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Daily ESG Briefing: BNP Paribas’ deforestation pledge

The latest developments in sustainable finance

BNP Paribas has committed to encouraging its customers producing or buying beef or soy from the Amazon and the Cerrado in Brazil to become ‘zero deforestation’ and to demonstrate their progress. As part of the bank’s new policy, it will only provide financial products or services to companies with a strategy to achieve zero deforestation in their production and supply chains by 2025 at the latest. NGOs including Reclaim Finance, Canopée Forêts Vivantes, SumOfUs and Mighty Earth welcomed the measures but said they come “far too late.”

Despite acknowledging that a link between diversity and company performance has not been “established by rigorous academic research”, Norges Bank Investment Management (NBIM) has said it considers “board diversity as a contribution to the overall effectiveness of the board and an indication of an effective board nomination process,” as it brings additional perspectives and improves the quality of decision-making. In addition, in Diversity on the Board the manager of Norway’s $1trn sovereign wealth fund particularly highlighted the persistent underrepresentation of women on boards as a concern. The position paper will serve as a basis for NBIM’s discussions with company boards.

Throughout 2020, the Luxembourg Green Exchange (LGX) listed 407 new sustainable securities, totalling €186bn, according to Luxembourg for Finance’s annual review. Alongside this the agency, which is the product of a public-private partnership between the Luxembourg Government and the Luxembourg Financial Industry Federation, reported the number of securities added on LGX grew by more than 50% compared to the year before and for the first time, social and sustainable bond categories combined have surpassed green bonds on the platform in terms of total value.

The UK’s Pension Protection Fund (PPF) has provided £65m of an £85m deal to refinance the entire loan portfolio of Wales’ Monmouthshire Housing Association. It is the defined benefit pensions lifeboat fund’s first direct investment into the UK’s social housing sector. The funding is for 40 years and comes alongside £20m of flexible finance provided by existing lender, Barclays.

The Network for Greening the Financial System (NGFS), the central bank group, must revise its climate scenarios to drive decarbonisation in the financial sector, according to a new report by Oil Change International and Reclaim Finance. In NGFS Scenarios: Guiding finance towards climate ambition or climate failure? the NGOs claim that although the scenarios aim to help mitigate climate-related financial risks, “they may in fact increase them by driving financial institutions to adopt inadequate fossil fuel phase out pathways justified by a risky gamble on negative emissions technologies.” Moving forward, the pair are calling on the NGFS to centre on 1.5°C trajectories that highlight the need for a managed phase out of fossil fuels and to be transparent about the risks of relying on negative emissions to reach climate objectives.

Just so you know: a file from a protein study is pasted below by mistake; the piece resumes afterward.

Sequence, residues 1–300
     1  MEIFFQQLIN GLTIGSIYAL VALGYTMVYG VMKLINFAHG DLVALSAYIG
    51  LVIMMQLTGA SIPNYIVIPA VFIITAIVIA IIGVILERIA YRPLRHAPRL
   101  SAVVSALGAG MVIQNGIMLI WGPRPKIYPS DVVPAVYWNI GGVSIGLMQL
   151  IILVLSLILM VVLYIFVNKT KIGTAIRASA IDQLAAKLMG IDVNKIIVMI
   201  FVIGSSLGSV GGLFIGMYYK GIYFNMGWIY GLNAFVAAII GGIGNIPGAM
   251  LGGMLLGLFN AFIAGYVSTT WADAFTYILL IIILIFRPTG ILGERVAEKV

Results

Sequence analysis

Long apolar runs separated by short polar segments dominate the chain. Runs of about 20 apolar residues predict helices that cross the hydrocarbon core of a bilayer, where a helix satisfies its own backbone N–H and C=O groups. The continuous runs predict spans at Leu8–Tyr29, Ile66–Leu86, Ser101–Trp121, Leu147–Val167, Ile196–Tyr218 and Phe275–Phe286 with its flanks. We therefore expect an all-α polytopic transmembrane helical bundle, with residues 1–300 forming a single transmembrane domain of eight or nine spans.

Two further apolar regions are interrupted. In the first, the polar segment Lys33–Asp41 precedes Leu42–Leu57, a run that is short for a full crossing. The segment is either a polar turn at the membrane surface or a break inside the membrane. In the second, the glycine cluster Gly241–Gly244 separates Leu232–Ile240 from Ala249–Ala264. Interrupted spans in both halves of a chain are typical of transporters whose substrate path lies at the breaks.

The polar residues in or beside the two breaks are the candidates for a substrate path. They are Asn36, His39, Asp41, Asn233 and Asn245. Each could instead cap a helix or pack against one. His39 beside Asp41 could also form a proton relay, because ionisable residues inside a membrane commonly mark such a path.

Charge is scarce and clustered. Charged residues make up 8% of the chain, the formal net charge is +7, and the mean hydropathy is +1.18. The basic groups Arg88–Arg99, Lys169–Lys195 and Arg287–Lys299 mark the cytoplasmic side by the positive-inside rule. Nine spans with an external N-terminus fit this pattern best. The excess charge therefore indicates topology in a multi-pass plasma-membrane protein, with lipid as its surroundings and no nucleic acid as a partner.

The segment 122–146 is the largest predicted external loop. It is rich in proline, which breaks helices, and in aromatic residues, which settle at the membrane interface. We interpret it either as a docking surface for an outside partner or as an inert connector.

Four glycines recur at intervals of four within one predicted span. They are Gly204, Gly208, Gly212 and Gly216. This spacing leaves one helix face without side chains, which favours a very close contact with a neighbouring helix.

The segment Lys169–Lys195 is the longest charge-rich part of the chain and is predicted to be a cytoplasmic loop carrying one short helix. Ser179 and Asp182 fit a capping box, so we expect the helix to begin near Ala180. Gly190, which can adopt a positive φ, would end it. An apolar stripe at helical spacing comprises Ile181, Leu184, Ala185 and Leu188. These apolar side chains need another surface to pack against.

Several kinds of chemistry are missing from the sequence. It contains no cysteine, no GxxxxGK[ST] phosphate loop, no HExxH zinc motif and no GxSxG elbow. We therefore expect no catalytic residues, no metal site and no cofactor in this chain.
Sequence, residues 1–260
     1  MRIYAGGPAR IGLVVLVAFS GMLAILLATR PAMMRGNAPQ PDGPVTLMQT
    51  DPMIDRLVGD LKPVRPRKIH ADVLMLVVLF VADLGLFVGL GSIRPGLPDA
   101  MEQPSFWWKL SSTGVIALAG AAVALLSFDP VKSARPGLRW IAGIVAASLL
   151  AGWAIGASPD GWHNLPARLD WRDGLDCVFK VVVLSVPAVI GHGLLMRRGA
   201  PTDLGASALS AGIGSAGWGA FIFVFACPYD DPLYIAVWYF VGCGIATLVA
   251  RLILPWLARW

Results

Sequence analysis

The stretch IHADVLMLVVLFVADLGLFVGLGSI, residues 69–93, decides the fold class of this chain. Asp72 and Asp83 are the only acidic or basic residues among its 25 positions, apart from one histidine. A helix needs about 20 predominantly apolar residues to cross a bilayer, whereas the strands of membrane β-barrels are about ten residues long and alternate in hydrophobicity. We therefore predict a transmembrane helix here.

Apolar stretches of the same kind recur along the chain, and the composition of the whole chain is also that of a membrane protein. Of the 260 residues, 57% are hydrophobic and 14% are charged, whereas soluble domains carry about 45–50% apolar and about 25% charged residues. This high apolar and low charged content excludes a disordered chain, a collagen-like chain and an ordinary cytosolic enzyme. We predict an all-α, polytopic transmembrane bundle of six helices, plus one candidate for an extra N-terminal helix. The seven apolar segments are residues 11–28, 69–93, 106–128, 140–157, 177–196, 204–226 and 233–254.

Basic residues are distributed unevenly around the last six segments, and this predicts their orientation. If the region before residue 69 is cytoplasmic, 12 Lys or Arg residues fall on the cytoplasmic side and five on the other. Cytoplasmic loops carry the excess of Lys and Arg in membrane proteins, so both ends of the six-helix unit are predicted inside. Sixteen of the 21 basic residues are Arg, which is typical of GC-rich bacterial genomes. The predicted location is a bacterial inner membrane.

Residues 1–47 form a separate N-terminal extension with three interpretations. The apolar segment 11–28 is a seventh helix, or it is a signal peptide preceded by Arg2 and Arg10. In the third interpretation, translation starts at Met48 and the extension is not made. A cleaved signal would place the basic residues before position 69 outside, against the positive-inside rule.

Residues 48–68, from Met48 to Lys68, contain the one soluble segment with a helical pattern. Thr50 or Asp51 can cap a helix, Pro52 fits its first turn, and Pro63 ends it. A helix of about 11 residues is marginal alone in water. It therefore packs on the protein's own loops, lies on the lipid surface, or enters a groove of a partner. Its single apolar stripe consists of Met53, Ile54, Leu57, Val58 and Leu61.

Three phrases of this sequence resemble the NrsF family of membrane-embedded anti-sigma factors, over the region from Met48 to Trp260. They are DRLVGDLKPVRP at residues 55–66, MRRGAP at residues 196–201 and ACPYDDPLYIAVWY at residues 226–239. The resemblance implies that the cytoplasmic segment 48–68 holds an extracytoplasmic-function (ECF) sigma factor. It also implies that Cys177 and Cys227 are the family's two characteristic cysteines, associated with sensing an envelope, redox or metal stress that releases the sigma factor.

The German government has announced an agreement on a mandatory human rights and environmental due diligence law (Lieferkettengesetz); the news follows the EU recently closing a consultation on a similar proposed directive. Although the move has been welcomed as a first step, Miriam Saage-Maaß, Vice Legal Director and Head of the Business and Human Rights program at the European Center for Constitutional and Human Rights, expressed reservations. “We are skeptical about the fact that the law initially only applies to large companies with 3,000, later 1,000, employees. In addition, the law’s strongest language only applies to direct suppliers. Indirect suppliers are included only with weaker measures.” The proposal will be discussed in the German Federal Cabinet from mid-March.

3i, Macquarie Infrastructure and Real Assets, Brookfield, Epiris, and Cinven have been praised as embodying ESG transparency best practices in an analysis of 160 British private equity firms’ ESG reporting performance by ITPEnergised and Orbis Advisory. The results of ESG Transparency: A Private Equity Index by the consultancy firms is based on publicly disclosed information by the organisations.

The United Nations-convened Net-Zero Asset Owner Alliance, created by the UN Environment Programme Finance Initiative (UNEP FI) and the Principles for Responsible Investment (PRI), is in favour of the Task Force on Climate-related Financial Disclosures (TCFD) including an implied temperature rise [ITR] metric in its forward-looking disclosure recommendations, according to a consultation response. Other investor bodies such as the Transition Pathway Initiative and the Institute of International Finance have said the TCFD should delay introducing forward-looking metrics such as ITR as the market is too immature.